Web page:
That being said, those Avocets Air O2's a fairly light, minimalist saddles... probably not the best choice for a heavyweight. Fine for me, because I only weigh about 135 lbs.

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    Quote Originally Posted by kornfeld View Post
    I have (or, should I say, had) an Avocet O2 Air 40 saddle with titanium rails. I've ridden it around 5,000 miles over 3.5 years. Last Sunday one rail of the saddle snapped off just behind the seatpost clamp.

    Needless to say, I'm in the market for a new saddle and I'm trying to decide if I should again spend the money for titanium rails or go for cheaper, somewhat heavier, steel rails.

    I'm 220 lbs. and have the saddle pushed as far back as it can go in the seatpost clamp to make room for my longish legs. Both weight and setback increase the sheer force on the rails. In case it matters, I have a Salsa Shaft seatpost.

    Are steel rails more or less prone to shearing in this way than titanium rails? Anything else I should consider to prevent catastrophic failure of the rails?
    The reason of Titan is not the 2 or 3 saved grams, Titan has better damping quality.
    That said, depends on which frame, wheels you use and on which roads (or tracks) you ride.

    If you experience confort issues, Titan could help reducing them (as well as larger section tyres and lots of things) if you feel comfortble steel would do as well.
    Personally I have both (old Selle Italia Flite with Ti rails on an old MTB and a range of Selle Italia saddles with steel rails on race bikes resp. in a box) and I would lie if IŽd say I feel the difference.

    By the way after having tried a few I found my dream saddle: SLK Gel Flow.
    I can ride 10 Hours solid without problems. Just for the records.

  13. #13
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    Quote Originally Posted by kornfeld View Post
    Last Sunday one rail of the saddle snapped off just behind the seatpost clamp.

    I'm 220 lbs. and have the saddle pushed as far back as it can go in the seatpost clamp to make room for my longish legs.
    In case it matters, I have a Salsa Shaft seatpost.

    Are steel rails more or less prone to shearing in this way than titanium rails?
    Anything else I should consider to prevent catastrophic failure of the rails?
    sounds like your bike is too small if your seat is all the way back in a setback seatpost.
    get the steel or mg. seat rails.

    SDG and Kore I-Beam seats and posts.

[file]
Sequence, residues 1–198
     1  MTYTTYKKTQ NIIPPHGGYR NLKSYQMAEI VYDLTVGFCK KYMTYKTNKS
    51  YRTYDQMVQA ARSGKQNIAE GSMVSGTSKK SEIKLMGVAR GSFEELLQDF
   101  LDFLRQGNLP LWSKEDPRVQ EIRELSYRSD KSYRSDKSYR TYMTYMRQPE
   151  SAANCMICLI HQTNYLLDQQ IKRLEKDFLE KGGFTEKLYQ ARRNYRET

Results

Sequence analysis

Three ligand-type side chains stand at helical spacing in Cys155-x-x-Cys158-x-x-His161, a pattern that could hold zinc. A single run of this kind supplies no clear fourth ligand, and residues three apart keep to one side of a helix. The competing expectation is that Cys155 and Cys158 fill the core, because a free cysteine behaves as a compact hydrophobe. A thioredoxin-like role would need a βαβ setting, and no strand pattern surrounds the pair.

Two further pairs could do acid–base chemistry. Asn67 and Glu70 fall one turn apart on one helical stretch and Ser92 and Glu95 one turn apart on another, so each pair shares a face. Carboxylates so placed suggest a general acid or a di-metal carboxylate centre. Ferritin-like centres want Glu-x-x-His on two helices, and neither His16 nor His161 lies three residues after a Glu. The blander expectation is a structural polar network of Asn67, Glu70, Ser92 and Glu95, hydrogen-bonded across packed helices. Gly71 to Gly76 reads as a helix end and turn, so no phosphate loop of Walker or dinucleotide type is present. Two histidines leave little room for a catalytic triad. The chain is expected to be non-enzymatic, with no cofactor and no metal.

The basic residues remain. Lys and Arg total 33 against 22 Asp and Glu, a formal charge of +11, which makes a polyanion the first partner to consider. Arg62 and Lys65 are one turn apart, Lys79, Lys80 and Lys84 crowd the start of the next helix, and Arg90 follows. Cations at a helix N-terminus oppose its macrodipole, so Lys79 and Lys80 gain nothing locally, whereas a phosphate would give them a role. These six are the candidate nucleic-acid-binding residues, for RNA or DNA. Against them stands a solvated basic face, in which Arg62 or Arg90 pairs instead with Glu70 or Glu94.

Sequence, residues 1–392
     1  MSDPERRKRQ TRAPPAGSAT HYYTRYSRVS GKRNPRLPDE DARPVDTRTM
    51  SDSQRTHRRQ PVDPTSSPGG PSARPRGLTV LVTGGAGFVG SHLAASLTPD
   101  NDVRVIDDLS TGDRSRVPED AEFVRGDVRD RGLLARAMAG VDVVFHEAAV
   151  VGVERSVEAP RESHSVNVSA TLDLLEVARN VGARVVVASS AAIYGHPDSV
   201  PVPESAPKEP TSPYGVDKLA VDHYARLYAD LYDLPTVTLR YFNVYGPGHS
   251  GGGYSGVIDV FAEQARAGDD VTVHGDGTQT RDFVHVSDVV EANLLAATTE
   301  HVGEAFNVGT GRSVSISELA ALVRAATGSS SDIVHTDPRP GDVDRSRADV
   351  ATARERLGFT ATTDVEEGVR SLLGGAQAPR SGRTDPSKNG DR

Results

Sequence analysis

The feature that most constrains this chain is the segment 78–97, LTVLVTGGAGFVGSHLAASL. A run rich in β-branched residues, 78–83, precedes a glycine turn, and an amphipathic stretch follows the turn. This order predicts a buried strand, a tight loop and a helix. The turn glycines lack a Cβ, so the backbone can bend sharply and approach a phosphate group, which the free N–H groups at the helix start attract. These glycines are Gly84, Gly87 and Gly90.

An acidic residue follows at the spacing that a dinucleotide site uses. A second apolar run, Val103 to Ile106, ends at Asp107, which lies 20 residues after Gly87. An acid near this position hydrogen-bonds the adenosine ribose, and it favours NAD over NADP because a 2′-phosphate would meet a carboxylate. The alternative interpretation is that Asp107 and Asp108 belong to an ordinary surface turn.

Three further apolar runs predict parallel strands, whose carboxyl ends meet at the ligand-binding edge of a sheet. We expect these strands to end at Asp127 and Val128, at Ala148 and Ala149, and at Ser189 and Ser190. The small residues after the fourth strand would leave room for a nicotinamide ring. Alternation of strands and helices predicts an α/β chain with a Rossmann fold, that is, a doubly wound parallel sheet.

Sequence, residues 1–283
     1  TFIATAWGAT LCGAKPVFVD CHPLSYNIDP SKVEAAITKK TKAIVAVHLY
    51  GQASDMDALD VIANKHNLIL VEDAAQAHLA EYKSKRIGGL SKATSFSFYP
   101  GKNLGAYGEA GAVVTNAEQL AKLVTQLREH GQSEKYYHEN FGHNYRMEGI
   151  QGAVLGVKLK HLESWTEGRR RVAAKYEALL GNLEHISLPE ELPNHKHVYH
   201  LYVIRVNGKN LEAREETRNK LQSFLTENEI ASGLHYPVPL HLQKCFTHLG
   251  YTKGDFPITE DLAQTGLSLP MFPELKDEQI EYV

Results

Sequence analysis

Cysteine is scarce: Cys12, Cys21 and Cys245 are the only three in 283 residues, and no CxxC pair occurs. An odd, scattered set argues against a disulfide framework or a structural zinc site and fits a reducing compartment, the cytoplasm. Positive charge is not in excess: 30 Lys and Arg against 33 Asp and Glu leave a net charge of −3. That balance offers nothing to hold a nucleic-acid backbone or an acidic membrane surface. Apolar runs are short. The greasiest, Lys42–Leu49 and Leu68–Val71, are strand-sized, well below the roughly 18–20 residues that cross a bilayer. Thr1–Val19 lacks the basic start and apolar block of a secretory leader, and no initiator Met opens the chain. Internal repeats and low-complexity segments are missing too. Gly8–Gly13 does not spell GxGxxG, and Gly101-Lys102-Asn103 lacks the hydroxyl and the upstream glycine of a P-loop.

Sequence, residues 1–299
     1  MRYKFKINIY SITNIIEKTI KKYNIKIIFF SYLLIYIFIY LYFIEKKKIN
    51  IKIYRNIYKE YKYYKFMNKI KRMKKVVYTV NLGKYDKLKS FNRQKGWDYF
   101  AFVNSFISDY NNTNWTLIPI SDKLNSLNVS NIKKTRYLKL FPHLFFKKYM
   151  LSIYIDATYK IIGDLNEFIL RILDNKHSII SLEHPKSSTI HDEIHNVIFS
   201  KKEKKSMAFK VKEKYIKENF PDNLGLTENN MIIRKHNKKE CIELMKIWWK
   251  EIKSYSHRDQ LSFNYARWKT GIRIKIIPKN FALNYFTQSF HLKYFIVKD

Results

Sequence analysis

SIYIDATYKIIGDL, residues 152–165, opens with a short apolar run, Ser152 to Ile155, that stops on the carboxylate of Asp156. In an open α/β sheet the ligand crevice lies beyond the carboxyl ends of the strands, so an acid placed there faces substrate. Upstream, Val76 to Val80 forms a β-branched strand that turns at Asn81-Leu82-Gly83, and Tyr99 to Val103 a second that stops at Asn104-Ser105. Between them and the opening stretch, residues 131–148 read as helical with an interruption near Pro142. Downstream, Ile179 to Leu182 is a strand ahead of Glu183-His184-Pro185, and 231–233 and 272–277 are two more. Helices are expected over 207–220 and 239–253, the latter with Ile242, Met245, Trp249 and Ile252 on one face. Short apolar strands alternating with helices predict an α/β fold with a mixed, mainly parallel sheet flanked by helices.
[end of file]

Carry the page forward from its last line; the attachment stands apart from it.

http://www.kore-usa.com/tech_ibeam.html
    http://www.sdgusa.com/bike_ibeam.php
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  14. #14
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    Quote Originally Posted by Longfemur View Post
    I think there's more to it than weight.

    I've been riding an Avocet Air O2 with titanium rails for some years now, and it was preceded by the same saddle with cromoly rails. I find the titanium rails a bit more comfortable. They seem to have more give which feels almost like a minimal kind of suspension.
    There was one other difference between the Ti and Cr-Mo railed Avocet O2 40 saddles. The Ti rail version has a real leather cover and the Cr-mo saddles had a synthetic (plastic) cover. Some of the comfort difference you noticed may have been due to that.

    There is now an O2 40 model with Cr-Mo rails and real leather but that wasn't the case a few years ago.

    Avocet seems to have pretty much disappeared from the market. None of the mail-order places I know of still list their products and their web site is dreadfully out of date. However, they are still in business and I ordered my most recent saddles directly from them (phone is 650-470-0478). I really like these saddles and want to have a couple of spares on the shelf in case Avocet goes out of business entirely.

  15. #15
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    Quote Originally Posted by kornfeld View Post
    I'm 220 lbs. and have the saddle pushed as far back as it can go in the seatpost clamp to make room for my longish legs. Both weight and setback increase the sheer force on the rails. In case it matters, I have a Salsa Shaft seatpost.

    Are steel rails more or less prone to shearing in this way than titanium rails? Anything else I should consider to prevent catastrophic failure of the rails?
    Actually you may want to get a better seatpost. I had the same problems. I'd break all kinds of saddles within a year due to having them as far back as I need to be comfortable with my long legs.

    Then I started getting setback posts on my bikes and found that with a setback post one can put the saddle in the middle of the rails and not worry about it snapping. I'm riding some various saddles now including a cheapass 100g saddle now with no sign of wear. Note I've only broken the rails once on an OEM saddle and I blame that on crappy rails(it had a weld that broke, who puts a weld in the middle of a bloody rail?). Usually the rails bend and the saddle gets wobbly.